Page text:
Like Midge Maisel, Solari is a mother of two, however, she has had a somewhat unique experience in that her first pregnancy actually helped her career. Solari has found a way to not just have a family and a career, but to make a career out of that itself. She even produces and stars in her own television series on Roku called ‘Charlie’, which also stars her daughter.

“I was eight months pregnant and got a late night television spot on the new 'Arsenio Hall Show’ in 2014. I was the first comedienne in history to perform stand up comedy on national television pregnant and showing! Now we have another baby, and it’s very frowned upon in Los Angeles to have kids, people think it’s a career killer. But really it’s wonderful to have a family in this crazy world of comedy. It’s great to kill on a show and then come back and my toddler says to me, ‘Mama, did you crush?’”

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Comedian and voice actress Grey Griffin also knows a thing or two about being a mother while having a busy career in entertainment. Griffin isn’t just a comic but is also one of the most prolific voice actresses in animation history. Like Midge Maisel, Griffin is a single mother, having to balance taking care of her kids while pursuing two very successful careers.

Bookers and audiences have consequently found a striking resemblance between Griffin and Midge Maisel due to her look, style of comedy and of course being one of the few single mothers in the stand-up world. “At The Comedy Store they started calling me Maisel, and I didn’t know what that was, I thought it must be some Yiddish term of endearment. I finally figured it out and I watched the show and loved it,” Griffin said.

While filming her first stand up special (which can be found on Amazon Prime) Griffin struggled with balancing her life as a mother and as a comic. However she did realize the obvious, if she was a man the problems she was having simply wouldn’t exist.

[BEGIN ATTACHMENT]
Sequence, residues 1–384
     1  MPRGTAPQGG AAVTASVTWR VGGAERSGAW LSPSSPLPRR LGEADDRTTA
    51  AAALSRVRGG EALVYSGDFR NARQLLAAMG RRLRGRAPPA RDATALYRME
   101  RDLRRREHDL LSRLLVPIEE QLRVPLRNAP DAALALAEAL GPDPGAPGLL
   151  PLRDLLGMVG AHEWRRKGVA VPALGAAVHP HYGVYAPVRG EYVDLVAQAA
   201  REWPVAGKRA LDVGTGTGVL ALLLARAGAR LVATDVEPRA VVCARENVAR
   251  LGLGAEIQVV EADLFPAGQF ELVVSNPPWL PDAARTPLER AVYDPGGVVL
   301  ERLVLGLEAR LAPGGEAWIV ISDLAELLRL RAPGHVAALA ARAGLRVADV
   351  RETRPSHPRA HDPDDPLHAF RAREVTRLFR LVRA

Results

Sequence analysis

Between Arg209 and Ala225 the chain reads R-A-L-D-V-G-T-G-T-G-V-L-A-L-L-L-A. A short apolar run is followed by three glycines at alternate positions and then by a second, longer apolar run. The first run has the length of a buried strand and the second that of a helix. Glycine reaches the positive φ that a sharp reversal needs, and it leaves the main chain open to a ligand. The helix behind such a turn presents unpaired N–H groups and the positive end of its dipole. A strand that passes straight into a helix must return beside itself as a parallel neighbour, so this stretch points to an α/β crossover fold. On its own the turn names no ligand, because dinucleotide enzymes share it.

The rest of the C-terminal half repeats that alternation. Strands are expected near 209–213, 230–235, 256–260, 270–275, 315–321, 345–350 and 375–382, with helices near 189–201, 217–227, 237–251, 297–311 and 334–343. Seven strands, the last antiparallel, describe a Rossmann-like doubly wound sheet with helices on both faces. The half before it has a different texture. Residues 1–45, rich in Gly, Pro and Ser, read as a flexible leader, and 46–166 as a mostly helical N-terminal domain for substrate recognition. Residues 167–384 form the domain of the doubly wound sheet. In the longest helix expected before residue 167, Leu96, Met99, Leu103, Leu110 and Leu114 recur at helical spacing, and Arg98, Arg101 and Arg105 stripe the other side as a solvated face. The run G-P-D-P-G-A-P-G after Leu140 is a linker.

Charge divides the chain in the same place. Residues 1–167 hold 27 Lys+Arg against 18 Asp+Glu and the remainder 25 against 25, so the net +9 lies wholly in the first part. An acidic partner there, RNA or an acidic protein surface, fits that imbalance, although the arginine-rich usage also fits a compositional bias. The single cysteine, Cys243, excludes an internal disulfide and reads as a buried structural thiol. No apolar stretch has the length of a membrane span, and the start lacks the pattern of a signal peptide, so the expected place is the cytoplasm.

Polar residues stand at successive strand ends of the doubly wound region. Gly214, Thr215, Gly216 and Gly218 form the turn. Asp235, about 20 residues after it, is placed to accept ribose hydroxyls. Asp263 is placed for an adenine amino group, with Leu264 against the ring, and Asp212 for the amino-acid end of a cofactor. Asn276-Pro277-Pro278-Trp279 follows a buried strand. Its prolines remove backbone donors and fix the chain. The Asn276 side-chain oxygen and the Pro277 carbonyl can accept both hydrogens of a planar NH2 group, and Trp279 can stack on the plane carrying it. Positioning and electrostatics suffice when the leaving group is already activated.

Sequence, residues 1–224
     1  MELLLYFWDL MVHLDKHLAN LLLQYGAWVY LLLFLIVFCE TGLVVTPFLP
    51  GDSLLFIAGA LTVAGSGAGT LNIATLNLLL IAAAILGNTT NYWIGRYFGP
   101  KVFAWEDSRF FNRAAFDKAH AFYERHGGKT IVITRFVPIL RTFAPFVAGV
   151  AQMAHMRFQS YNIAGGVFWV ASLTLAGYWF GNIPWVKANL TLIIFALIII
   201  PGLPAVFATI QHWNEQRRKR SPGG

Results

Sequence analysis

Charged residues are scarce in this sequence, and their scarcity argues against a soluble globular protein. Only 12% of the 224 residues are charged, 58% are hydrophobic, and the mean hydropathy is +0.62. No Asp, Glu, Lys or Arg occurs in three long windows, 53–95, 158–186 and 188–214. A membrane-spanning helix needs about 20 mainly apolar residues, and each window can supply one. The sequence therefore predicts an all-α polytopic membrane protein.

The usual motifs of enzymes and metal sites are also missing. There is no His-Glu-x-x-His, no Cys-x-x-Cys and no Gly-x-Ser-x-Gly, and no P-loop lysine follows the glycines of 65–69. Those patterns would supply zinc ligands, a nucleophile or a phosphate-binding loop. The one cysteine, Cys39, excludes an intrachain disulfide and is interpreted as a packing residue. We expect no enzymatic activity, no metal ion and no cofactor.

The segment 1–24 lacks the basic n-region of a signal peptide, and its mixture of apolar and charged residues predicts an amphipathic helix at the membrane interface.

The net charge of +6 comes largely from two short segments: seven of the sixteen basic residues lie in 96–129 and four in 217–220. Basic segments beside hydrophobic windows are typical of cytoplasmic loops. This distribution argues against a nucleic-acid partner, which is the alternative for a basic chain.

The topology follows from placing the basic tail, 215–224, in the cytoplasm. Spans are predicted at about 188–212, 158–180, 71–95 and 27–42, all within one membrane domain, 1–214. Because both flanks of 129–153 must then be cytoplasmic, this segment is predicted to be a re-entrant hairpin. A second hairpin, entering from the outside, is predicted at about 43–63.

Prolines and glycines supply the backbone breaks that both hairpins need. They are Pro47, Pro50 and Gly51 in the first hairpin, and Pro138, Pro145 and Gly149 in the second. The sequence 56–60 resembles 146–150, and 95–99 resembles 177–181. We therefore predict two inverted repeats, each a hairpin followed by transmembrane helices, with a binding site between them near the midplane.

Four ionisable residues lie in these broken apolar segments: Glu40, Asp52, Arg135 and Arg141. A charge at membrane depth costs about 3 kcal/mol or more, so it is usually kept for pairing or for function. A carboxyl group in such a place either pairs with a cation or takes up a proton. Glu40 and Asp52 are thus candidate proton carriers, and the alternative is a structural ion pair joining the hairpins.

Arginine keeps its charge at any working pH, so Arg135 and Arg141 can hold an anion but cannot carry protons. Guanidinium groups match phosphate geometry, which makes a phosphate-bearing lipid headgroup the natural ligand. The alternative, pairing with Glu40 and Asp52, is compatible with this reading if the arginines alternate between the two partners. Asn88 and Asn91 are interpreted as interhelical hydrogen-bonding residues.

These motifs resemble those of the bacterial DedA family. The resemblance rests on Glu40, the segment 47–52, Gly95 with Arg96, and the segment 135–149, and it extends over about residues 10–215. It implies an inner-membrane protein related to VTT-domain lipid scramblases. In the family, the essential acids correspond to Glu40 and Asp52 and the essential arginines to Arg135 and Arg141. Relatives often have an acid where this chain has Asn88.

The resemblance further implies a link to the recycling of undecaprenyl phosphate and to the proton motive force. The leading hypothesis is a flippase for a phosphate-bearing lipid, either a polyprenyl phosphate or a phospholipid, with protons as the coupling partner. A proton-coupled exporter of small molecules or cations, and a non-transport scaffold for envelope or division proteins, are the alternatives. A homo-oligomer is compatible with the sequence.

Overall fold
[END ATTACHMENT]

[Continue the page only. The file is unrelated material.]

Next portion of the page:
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“I felt like a terrible mother when I was getting ready to do the special. I was doing about two open mics a week, was trying to produce this show and I was taking a writing class. I just felt so bad I was never seeing my children. I mean as a dad, I probably would have been the best dad ever because I was still spending quite a bit of time with my kids, but not as a mom…as a mom I was slacking.”

If audiences can learn anything from Midge Maisel, it’s to be yourself and to not let anyone stop you from pursing your dreams. Bernhard sums it up best with some words of wisdom to any aspiring comics out there, but especially to women.

“Be authentic and be comfortable in your own skin no matter who you are. Find your voice and really cultivate it. Be strong and have a very clear idea of what you want to accomplish. You don’t need to have anyone to lean on, especially if they are being abusive and horrible or taking advantage of you. The minute you see that, cut out immediately and if it takes you a little longer to get where you want to go, it’s still a better journey.”

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‘The Marvelous Mrs. Masiel’ season two is now available on Amazon Prime.